Nicholas Fallucca shares Palermo’s lessons learned on innovation and meeting market demand | Ep.132

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Palermo’s Pizza has seen a lot of change over the years, from serving hungry customers at the bar to making and distributing pizzas around the country.

Nicholas Fallucca, chief product and innovation officer at Palermo’s, shared insights on those changes along with lessons learned from trying to match innovative ideas with market and customer demands during a recent presentation to the Rotary Club of Milwaukee, a podcast partner of BizTimes Media.

Learning from family

As a third-generation family leader in the business, Fallucca said he’s been fortunate to watch and learn from prior generations, whether it was his father’s drive for change and desire to win, his mother’s creativity and strong vision or his uncle’s servant leadership and patience.

“Through all the ups and downs, having those three at the head of the company has been really great for me to see,” Fallucca said.

He also acknowledged it isn’t always smooth sailing in a family business.

“There’s some really great things about family business, there’s some big challenges with family business. We’ve got personalities, differing opinions, different ways you want to go, maybe, different styles, some people want growth, some people want to do things the way they are and so we had our fair share of challenges with that as well,” Fallucca said.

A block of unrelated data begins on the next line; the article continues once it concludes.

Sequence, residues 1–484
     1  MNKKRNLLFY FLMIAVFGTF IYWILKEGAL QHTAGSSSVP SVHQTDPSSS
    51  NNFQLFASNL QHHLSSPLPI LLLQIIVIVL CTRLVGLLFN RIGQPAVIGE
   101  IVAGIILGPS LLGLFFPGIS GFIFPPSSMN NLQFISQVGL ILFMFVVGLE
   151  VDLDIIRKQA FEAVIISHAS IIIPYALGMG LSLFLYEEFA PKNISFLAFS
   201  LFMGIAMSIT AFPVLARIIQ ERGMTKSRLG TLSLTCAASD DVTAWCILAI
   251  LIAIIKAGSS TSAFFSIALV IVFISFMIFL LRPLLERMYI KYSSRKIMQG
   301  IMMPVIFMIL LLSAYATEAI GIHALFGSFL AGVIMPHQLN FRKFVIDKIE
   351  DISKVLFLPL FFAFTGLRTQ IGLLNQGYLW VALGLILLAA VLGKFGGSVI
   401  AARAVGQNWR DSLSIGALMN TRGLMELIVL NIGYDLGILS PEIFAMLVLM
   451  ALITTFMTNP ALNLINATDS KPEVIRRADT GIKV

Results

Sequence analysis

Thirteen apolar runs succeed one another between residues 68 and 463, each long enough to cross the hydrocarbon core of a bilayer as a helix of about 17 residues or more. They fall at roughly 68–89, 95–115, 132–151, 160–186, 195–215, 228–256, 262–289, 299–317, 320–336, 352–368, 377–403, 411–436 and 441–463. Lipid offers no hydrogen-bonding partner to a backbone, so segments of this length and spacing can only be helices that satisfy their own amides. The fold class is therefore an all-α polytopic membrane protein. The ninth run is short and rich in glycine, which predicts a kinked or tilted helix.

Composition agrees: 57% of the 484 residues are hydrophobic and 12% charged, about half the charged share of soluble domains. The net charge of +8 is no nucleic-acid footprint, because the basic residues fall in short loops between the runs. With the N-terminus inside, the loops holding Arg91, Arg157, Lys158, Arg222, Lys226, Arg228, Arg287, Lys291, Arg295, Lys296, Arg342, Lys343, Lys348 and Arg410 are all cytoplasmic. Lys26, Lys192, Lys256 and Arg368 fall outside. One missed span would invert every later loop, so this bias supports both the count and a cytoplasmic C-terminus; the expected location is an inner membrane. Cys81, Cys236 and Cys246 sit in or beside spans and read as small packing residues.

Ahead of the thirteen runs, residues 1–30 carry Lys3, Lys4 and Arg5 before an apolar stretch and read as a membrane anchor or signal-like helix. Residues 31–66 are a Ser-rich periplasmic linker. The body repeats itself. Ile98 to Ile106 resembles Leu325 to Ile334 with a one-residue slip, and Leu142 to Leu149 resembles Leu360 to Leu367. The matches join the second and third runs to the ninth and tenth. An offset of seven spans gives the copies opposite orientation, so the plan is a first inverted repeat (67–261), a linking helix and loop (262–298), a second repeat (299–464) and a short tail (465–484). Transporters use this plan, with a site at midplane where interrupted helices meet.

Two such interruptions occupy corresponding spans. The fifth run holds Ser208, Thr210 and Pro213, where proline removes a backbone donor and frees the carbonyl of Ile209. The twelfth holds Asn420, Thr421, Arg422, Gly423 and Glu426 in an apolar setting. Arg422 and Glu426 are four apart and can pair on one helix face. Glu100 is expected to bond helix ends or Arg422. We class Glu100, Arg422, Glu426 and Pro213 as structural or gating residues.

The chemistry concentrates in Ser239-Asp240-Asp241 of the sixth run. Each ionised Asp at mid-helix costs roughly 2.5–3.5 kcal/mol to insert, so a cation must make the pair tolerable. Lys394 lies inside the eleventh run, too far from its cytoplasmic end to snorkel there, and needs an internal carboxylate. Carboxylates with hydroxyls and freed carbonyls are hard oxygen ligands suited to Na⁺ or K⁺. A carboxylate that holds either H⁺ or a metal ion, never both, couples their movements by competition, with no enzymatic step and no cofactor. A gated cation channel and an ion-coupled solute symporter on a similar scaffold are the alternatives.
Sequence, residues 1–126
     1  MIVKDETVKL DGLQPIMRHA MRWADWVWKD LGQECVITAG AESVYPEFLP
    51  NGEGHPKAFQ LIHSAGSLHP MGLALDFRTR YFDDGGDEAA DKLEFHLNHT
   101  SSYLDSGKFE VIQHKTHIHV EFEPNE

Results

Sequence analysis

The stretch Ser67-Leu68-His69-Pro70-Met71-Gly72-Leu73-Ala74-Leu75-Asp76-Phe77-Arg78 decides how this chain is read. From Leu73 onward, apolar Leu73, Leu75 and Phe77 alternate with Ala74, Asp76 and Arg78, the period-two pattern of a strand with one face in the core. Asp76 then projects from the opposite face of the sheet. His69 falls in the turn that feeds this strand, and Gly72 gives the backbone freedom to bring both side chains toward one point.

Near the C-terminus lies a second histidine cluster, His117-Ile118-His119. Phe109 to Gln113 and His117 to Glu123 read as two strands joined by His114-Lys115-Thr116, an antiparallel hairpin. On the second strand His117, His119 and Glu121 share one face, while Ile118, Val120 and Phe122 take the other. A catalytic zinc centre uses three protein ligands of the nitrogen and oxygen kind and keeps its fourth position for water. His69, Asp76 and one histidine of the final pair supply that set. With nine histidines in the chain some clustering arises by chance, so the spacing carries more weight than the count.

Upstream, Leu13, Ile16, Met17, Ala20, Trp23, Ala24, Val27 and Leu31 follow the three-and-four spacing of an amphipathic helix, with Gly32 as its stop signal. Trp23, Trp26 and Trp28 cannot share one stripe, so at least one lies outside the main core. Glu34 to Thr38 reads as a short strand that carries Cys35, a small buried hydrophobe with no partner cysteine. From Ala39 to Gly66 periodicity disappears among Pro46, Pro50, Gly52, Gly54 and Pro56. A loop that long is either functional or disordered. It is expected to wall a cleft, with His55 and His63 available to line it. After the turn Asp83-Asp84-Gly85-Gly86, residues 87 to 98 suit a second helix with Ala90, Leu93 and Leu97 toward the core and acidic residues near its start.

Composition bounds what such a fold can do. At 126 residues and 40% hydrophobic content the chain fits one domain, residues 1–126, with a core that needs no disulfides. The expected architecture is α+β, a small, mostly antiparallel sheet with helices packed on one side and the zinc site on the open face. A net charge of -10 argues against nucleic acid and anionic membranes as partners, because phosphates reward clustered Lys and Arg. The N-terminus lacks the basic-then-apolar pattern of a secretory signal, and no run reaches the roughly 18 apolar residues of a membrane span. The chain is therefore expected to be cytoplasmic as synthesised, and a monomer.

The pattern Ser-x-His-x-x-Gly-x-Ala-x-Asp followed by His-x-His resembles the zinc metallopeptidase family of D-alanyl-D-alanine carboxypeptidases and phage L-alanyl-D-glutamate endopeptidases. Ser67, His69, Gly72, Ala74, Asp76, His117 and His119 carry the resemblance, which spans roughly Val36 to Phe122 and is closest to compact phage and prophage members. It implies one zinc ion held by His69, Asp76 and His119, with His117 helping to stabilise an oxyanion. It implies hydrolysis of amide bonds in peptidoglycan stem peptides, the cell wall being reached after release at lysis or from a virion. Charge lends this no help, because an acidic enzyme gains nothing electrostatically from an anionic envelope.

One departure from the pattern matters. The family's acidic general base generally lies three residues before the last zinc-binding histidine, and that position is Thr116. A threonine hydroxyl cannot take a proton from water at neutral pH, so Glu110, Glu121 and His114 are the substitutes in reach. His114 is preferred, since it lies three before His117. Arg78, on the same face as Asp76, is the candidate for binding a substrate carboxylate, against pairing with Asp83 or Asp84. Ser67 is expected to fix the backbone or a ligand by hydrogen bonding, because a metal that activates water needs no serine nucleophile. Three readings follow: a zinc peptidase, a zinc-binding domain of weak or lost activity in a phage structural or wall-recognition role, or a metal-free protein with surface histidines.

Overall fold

Meeting the market

Fallucca described how in 2007 the company launched a pizza product based on very traditional methods and high-quality ingredients, things that are very much sought after by consumers.

The product, however, failed because customers were looking for something else.

“We learned that just because it’s a great product, sometimes you have to be relevant at the right moment,” he said.

Think creatively

In a world full of supply chain challenges, evolving workforce expectations, inflation and uncertainty, Fallucca encouraged business leaders to embrace the opportunity for change.

“It a crazy world,” he said. “I challenge you guys to innovate everything you do, from your processes to your policies to your products, just because this is what you’ve done in the past, if it’s working, great, but if it’ not working, fix it. Don’t wait for the pain to be so great for you to change your process. Think differently about the way that you hire, about your business overall.”

“The world is forcing us to make these changes and you can try to resist it, or you can think creatively about how to anticipate it,” Fallucca added.

In dealing with inflation, Fallucca said businesses should look to pass along the increased costs they face.

“I can’t stress enough the importance of passing on all of your costs,” he said. “You can try to save your way and cut costs and cut heads and if you don’t want to grow, I think that’s fine, you can do that, but if you want to grow, again, you’ve got to think differently.”

Rotary Club of Milwaukee

In partnership with the Rotary Club of Milwaukee.

Arthur covers banking and finance and the economy at BizTimes while also leading special projects as an associate editor. He also spent five years covering manufacturing at BizTimes. He previously was managing editor at The Waukesha Freeman. He is a graduate of Carroll University and did graduate coursework at Marquette. A native of southeastern Wisconsin, he is also a nationally certified gymnastics judge and enjoys golf on the weekends.